Level 2 benchmarks (of which only one, for Cisco Router IOS, is currently available) are designed for more sophisticated security professionals. Level 2 benchmarks are aimed at rating security policy compliance, identifying configuration errors, and troubleshooting security configuration controls. CIS is currently designing Level 2 benchmarks for other OSs.

The Windows 2000 Professional benchmark and utility
The goal of the Win2K Pro benchmark is to establish a minimal, prudent due care security baseline for a Win2K Pro system. This minimum-security baseline is proposed as a universal starting point for any environment, from home users to corporate enterprises to government agencies. This document builds on the Level 1 benchmark document but provides details on exactly what security features to enable and which configuration settings to make. Any system administrator familiar with Windows 2000’s basic security features and control interfaces can follow this document. (Note: This document is for Windows 2000 Professional system only. A Consensus Baseline for Windows 2000 Server is still in development.)

In addition to the Consensus Baseline, the CIS has released an analysis tool for evaluating systems against this prescribed minimum baseline. The scoring tool, shown in Figure A, performs a detailed system analysis for 12 areas of concern.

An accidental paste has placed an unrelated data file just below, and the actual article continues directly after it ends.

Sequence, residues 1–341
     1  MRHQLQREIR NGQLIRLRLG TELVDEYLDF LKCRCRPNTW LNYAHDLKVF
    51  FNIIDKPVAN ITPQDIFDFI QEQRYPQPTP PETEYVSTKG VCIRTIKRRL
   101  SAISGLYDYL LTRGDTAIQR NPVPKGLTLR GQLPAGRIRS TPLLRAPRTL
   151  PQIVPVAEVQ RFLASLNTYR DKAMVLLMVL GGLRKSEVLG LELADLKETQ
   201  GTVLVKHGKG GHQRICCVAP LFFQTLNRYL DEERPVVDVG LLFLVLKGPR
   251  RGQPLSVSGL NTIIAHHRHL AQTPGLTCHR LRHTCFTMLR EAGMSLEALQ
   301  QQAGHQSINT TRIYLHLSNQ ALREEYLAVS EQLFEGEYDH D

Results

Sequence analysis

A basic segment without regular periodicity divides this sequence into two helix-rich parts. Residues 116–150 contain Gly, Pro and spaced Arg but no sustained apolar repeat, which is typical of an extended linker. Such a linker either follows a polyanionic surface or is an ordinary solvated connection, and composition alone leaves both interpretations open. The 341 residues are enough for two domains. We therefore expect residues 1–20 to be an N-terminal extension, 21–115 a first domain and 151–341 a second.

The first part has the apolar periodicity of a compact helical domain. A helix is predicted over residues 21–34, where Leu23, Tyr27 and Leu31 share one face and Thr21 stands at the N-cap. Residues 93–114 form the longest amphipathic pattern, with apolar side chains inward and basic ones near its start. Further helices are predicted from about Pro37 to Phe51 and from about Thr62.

Figure A
Windows NT/2000 security scoring tool v2.1.1

The utility generates reports that indicate exactly which areas of the system are insecure, incorrectly configured, and vulnerable to intrusion. The reports include benchmark compliance grades for each of the 12 areas and recommendations and instructions for improving security for specific items. The scoring utility incorporates the functionality of Microsoft’s HFNetChk and therefore stays up to date with the latest service packs and hot fixes available for the OS and native Microsoft components. The utility is a noninvasive scanning, analyzing, and scoring tool that makes no modifications to the scanned system whatsoever. It’s the responsibility of the system administrator to actually implement the security configuration benchmark manually or with automation tools.